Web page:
Results from a cross-sectional online survey of young adults between the ages of 16-24 suggests that both men and women are at increased risk of suicidality if they engage in problem gambling.

By Mr Shamim Quadir (Senior Communications Officer), Published

Results from a cross-sectional online survey of young adults between the ages of 16-24 suggests that both men and women are at increased risk of suicidality if they engage in problem gambling.

Suicide is a leading cause of death of young adults worldwide. Research also suggests that the suicide rate has increased for young adults in recent years, despite the prevalence of factors such as alcohol and drug misuse decreasing.

Explanations suggested for the increase in suicide rate in this age group include the role of social media, online bullying, exam and lifestyle stress, and increasing insecurity among young people. However, other factors are probably also involved, and might be further compounded by the COVID-19 pandemic.

Problem gambling

Gambling has been neglected as a public health issue. Online gambling is the largest growth sector in Great Britain (England, Wales and Scotland) and now accounts for more than one third of the total gambling market. Online betting and gambling are also known to have one of the highest levels of association with problem gambling. Considering the shifts in risk-taking behaviours among young adults, there has been an urgent need to examine recent data on gambling and suicidality.

This need prompted the undertaking of a new study from academics from City, University of London and University of Glasgow, published in the journal, Lancet Public Health. It investigated whether problem gambling is related to suicidality in young adults aged 16-24, and also looked for any differences between men and women.

In the study, data from the Emerging Adults Gambling Survey (a cross-sectional, online survey of young adults, who were selected from a YouGov online panel) was analysed.

The researchers looked for associations between problem gambling (defined as a score of eight or higher on the ‘Problem Gambling Severity Index’ [PGSI]) and suicidal thoughts and suicide attempts in the year before survey completion. This was investigated through a series of statistical models, with and without adjustment for sociodemographic factors, alcohol use, video gaming, anxiety, loneliness, and impulsivity.

The study found that 37% of male respondents (24 out of 62 men) who had attempted suicide in the previous year, had survey scores which were indicative of problem gambling. The comparable figure for those men who had not attempted suicide or had thoughts of suicide in the previous year was 3.6% (38 out of 1077 men).

In female respondents who had attempted suicide in the previous year, 14.5% (13 out of 85 women) had survey scores indicative of a gambling problem. For those female respondents who had not attempted suicide or had thoughts of suicide, the figure was 2% (25 out of 1184 women).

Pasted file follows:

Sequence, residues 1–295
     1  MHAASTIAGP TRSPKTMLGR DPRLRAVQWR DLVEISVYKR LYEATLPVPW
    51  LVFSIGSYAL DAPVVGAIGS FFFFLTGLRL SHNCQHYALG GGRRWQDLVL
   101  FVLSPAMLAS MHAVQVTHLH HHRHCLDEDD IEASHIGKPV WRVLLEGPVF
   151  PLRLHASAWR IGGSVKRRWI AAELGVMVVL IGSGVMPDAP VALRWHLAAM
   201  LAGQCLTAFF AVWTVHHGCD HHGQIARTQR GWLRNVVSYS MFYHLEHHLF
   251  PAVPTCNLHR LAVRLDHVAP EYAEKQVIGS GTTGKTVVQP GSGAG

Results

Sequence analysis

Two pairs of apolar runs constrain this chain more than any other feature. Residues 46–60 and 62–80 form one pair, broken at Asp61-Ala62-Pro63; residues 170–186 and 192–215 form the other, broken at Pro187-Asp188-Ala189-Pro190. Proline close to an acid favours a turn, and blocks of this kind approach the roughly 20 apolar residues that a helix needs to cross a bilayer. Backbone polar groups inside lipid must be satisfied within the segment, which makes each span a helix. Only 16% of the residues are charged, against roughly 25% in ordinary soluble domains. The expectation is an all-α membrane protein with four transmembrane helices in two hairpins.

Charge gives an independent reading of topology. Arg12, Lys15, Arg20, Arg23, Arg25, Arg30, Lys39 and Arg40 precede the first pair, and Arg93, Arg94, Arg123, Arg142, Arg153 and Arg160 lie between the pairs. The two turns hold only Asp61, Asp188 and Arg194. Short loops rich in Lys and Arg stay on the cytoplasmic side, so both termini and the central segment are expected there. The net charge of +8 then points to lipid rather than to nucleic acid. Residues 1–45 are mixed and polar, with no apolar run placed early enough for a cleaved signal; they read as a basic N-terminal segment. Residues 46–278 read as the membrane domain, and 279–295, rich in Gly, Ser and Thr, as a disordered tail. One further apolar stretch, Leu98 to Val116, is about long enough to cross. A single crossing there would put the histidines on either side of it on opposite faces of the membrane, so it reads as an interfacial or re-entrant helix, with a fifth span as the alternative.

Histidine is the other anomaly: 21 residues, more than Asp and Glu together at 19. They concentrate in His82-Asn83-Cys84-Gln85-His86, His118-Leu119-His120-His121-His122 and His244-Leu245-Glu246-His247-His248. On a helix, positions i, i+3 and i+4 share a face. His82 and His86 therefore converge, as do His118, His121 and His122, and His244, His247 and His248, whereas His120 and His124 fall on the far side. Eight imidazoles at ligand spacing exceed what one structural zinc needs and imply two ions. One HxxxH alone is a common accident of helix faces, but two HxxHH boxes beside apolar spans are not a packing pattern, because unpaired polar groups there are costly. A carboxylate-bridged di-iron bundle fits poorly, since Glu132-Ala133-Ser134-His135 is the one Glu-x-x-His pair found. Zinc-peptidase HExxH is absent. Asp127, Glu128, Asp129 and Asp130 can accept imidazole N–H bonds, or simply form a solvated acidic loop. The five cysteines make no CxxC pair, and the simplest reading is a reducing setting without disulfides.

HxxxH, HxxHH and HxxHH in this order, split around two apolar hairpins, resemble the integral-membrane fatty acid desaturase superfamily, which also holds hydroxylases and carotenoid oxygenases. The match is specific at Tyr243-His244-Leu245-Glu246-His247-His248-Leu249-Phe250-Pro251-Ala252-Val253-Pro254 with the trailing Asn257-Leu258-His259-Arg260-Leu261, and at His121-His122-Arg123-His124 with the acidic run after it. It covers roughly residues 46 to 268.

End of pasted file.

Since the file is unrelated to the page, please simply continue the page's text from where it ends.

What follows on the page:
These findings suggest that problem gambling is associated with suicide attempts in both young men and young women. This association persisted after adjusting for alcohol use, video gaming, anxiety, impulsivity, loneliness, life satisfaction, and other factors, which suggests that other mechanisms, such as the severity and multiplicity of harms experienced, or gambling to cope with life stressors, might underpin this relationship.

As such the authors of the study suggest that young people with problem-gambling behaviours should be considered at risk for suicide attempts, and that more research must be undertaken to more fully understand the association in the rapidly changing gambling environment.

The UK gambling regulator has described COVID-19 as accelerating the growth of online gambling. It is against this backdrop that the current study was published in a gambling-focused of issue of Lancet Public Health launching a new The Lancet Public Health Commission on gambling. Over the coming year, the Commission will be investigating ways to reduce gambling-related harms around the world, and welcomes research submissions aiming to prevent gambling harms.

Commenting on the study, Sally McManus, co-author and Senior Lecturer in Health at the School of Health Sciences, City, University of London said:

This study highlights the importance of gender disaggregating analysis. Gambling research has tended to focus on men, however women with problem gambling behaviours should also be recognised as at higher risk of suicidality.

Find out more

Read the article, in the journal Lancet Public Health, ‘Suicidality and gambling among young adults in Great Britain: results from a cross-sectional online survey’. Heather Wardle and Sally McManus.

Visit City’s Centre for Mental Health Research webpage.

Getting support

If you're a student at City, and need support, you can get help through the Student Counselling and Mental Health Service.

If you're a member of staff at City, you can access support through the Occupational Health Service.

If you, or someone you know, needs support there are a number of helplines you can call:

Samaritans – for everyone

Call 116 123 - 24 hours a day, every day

Email jo@samaritans.org

Campaign Against Living Miserably (CALM) – for men

Call 0800 58 58 58 – 5pm to midnight every day

Visit the webchat page – 5pm to midnight every day

Shout 85258 – for everyone

Free, 24/7 mental health text support in the UK

Papyrus – for people under 35

Call 0800 068 41 41 – 9am – midnight every day of the year (Weekends and Bank Holidays included)

Text 07860039967

Email pat@papyrus-uk.org

Childline – for children and young people under 19

Call 0800 1111 – the number won't show up on your phone bill

The Silver Line – for older people

Call 0800 4 70 80 90 – 24 hours a day, every day

Anyone can also contact their GP for advice and support.

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